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Author:Aiyagari, S. Rao 

Working Paper
The output, employment, and interest rate effects of government consumption

This paper investigates the impact on aggregate variables of changes in government consumption in the context of a stochastic, neoclassical growth model. We show, theoretically, that the impact on output and employment of a persistent change in government consumption exceeds that of temporary change. We also show that, in principle, there can be an analog to the Keynesian multiplier in the neoclassical growth model. Finally, in an empirically plausible version of the model, we show that the interest rate impact of a persistent government consumption shock exceeds that of a temporary one. Our ...
Working Papers , Paper 456

Working Paper
Interpreting monetary stabilization in a growth model with credit goods production

This paper is motivated by observations concerning the size of the banking sector and the growth rate of the economy before and after successful stabilizations of high inflations. The facts suggest that the relative size of the banking sector increases during a period of accelerating inflation and decreases immediately following a successful monetary stabilization. Furthermore, the GDP growth rate is lower during the high inflation period than after stabilization. The goal of this paper is to develop a monetary growth model which is qualitatively consistent with these observations. The model ...
Working Papers , Paper 525

Working Paper
Transaction services, inflation, and welfare

This paper is motivated by a variety of empirical observations on the comovements of currency velocity, inflation, and the relative size of the "credit services" sector. By the credit services sector we mean the part of banking and credit sector which provides alternative means of transactions to using currency as well as other services which help people economize on currency. We incorporate the credit services sector into a monetary growth model. Our model makes two specific and new contributions. The first is to show that direct quantitative evidence on the welfare cost of low inflation ...
Working Papers , Paper 551

Journal Article
Deficits, interest rates, and the tax distribution

Quarterly Review , Volume 9 , Issue Win

Working Paper
Walras' Law and nonoptimal equilibria in overlapping generations models

This paper demonstrates a connection between failure of Walras? Law and nonoptimal equilibria in a quite general overlapping generations model. Consider the following implication of Walras? Law in finite economies. Suppose that all prices are positive and that all agents are on their budget lines. Then, no matter how the set of goods is partitioned, there cannot be an excess supply (in value terms) for some other set in the partition with excess demand (in value terms) for some other set in the partition. We use the Cass (1972), Benveniste (1976, 1986), Balasko and Shell (1980), and Okuno and ...
Working Papers , Paper 393

The optimum quantity of debt

We find that the welfare gains to being at the optimum quantity of debt rather than the current U.S. level are small, and, therefore, concerns regarding the high level of debt in the U.S. economy may be misplaced. This finding is based on a model of a large number of infinitely-lived households whose saving behavior is influenced by precautionary saving motives and borrowing constraints. This model incorporates a different role for government debt than is found in standard models, and it captures different cost-benefit trade-offs. On the benefit side, government debt enhances the liquidity of ...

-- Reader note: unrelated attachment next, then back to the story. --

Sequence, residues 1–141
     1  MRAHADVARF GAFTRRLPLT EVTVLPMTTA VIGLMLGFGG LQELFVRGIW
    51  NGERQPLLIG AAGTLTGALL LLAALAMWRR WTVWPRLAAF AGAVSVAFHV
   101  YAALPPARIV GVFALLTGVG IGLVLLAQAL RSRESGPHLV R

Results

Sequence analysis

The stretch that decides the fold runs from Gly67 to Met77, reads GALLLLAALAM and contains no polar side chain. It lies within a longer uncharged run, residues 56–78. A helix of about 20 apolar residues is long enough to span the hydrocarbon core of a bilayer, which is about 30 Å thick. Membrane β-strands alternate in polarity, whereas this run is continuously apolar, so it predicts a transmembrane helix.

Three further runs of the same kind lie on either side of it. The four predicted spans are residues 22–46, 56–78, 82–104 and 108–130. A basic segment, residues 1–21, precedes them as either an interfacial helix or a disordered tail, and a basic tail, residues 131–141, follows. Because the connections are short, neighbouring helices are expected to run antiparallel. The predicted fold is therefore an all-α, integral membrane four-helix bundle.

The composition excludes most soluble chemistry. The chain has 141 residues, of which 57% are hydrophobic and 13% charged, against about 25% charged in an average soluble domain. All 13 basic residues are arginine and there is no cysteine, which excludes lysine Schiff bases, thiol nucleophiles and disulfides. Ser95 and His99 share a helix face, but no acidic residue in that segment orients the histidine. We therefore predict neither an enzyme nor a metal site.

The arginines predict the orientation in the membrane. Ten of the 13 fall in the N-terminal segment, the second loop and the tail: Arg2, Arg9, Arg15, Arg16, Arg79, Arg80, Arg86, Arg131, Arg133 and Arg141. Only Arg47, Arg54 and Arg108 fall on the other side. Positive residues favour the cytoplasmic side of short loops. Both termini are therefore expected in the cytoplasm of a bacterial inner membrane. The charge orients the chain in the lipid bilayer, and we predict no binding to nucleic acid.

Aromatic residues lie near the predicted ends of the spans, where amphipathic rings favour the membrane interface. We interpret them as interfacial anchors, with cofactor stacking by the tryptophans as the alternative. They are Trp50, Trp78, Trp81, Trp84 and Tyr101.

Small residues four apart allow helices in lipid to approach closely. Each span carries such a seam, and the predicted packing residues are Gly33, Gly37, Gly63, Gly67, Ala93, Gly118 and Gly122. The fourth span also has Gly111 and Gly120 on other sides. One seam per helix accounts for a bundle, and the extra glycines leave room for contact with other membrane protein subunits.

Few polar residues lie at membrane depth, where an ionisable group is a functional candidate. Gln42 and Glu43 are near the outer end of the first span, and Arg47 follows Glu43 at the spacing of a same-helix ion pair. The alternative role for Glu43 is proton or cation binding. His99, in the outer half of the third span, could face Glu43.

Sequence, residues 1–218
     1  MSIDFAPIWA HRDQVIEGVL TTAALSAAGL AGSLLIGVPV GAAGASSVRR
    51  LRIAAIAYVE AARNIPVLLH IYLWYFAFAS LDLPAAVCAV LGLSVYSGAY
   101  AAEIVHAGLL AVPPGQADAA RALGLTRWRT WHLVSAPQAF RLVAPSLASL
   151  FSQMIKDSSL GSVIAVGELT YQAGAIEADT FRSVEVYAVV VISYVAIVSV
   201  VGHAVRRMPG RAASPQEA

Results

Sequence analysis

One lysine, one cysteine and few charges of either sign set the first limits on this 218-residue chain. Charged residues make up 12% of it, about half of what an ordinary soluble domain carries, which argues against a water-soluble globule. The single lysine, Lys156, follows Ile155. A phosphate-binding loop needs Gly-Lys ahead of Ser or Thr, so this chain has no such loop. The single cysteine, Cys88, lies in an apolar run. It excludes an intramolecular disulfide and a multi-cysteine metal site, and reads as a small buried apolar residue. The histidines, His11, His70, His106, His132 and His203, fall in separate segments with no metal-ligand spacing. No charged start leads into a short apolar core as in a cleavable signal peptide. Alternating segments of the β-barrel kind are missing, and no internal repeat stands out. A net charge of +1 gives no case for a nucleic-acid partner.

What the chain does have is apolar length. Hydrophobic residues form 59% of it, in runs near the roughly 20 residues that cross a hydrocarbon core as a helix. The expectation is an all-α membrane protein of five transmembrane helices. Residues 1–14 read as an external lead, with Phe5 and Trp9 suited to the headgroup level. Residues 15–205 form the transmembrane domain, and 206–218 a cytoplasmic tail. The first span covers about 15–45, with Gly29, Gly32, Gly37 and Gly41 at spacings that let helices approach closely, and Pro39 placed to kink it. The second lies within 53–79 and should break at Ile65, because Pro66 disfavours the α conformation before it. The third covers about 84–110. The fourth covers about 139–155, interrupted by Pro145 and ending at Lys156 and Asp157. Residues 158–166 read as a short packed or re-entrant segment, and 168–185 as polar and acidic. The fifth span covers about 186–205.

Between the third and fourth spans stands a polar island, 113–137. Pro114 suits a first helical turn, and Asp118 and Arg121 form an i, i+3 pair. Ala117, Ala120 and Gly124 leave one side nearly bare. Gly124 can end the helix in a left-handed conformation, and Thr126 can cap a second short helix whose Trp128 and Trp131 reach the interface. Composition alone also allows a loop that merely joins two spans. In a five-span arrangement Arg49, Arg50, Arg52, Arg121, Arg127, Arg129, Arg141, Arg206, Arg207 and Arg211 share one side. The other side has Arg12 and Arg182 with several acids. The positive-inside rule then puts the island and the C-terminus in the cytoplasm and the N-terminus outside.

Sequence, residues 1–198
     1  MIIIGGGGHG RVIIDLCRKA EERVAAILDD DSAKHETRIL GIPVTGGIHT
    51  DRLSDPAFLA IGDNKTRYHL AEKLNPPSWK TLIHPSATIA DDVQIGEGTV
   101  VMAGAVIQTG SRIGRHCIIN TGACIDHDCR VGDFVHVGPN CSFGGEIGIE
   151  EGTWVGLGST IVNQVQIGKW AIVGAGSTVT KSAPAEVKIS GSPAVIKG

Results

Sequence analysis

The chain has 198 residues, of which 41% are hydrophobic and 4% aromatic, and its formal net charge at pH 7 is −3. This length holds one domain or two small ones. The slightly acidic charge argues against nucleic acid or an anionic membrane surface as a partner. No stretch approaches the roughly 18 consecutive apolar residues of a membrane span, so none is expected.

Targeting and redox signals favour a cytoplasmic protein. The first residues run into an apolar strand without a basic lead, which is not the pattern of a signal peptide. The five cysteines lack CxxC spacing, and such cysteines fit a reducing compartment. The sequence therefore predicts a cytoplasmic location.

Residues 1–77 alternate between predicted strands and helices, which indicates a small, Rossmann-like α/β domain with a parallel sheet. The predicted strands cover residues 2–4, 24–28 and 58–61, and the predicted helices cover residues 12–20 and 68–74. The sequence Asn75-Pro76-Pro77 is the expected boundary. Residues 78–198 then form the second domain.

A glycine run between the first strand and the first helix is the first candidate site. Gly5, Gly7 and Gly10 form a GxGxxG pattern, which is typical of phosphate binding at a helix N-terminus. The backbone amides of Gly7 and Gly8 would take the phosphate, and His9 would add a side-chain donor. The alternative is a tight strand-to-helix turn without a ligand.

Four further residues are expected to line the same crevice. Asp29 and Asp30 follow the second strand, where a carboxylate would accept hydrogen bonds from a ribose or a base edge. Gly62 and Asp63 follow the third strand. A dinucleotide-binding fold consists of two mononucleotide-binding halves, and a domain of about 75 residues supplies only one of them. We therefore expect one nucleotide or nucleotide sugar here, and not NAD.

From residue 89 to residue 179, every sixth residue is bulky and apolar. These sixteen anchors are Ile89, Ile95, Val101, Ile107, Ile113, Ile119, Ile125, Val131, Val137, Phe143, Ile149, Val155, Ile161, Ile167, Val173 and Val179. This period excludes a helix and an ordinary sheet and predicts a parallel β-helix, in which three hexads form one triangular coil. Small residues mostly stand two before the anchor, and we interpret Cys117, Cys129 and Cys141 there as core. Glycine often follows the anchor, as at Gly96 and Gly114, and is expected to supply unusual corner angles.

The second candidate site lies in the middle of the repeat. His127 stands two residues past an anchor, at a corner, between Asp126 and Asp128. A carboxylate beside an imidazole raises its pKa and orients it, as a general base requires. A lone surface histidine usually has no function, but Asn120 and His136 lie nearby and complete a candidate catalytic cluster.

Staff Report , Paper 203

Comments on Farmer and Guo's \\"the econometrics of indeterminacy: an applied study.\\"

I argue that Farmer and Guo's one-sector real business cycle model with indeterminacy and sunspots fails empirically and that its failure is inherent in the logic of the model taken together with some simple labor market facts.
Staff Report , Paper 196

Working Paper
Money and dynamic credit arrangements with private information

The authors construct a model with private information in which consumers write dynamic contracts with financial intermediaries.
Working Papers (Old Series) , Paper 9807

Journal Article
Explaining financial market facts: the importance of incomplete markets and transaction costs

In this article, I suggest that incomplete markets and transaction costs are crucial for explaining the high equity premium and the low risk-free rate. I first demonstrate the failure of the complete frictionless markets model in explaining these return puzzles and then show how introducing incomplete markets and transaction costs can lead to success. Additionally, I explain how these features lead to predictions concerning individual consumptions, wealths, portfolios, and asset market transactions that are in better agreement with the facts than the predictions of the complete frictionless ...
Quarterly Review , Volume 17 , Issue Win , Pages 17-31

Working Paper
Coexistence of money and interest-bearing securities

A random matching model with money is used to study the nominal yield on small denomination, bearer, safe, discount securities issued by the government. There is always one steady state with matured securities circulating at par and, for some parameters, another with them circulating at a discount. In the former, a necessary and sufficient condition for a positive nominal yield on not-yet-matured securities is exogenous discriminatory treatment of them by the government. In the latter, the post-maturity discount on securities induces a deeper pre-maturity discount even without such ...
Working Papers , Paper 550


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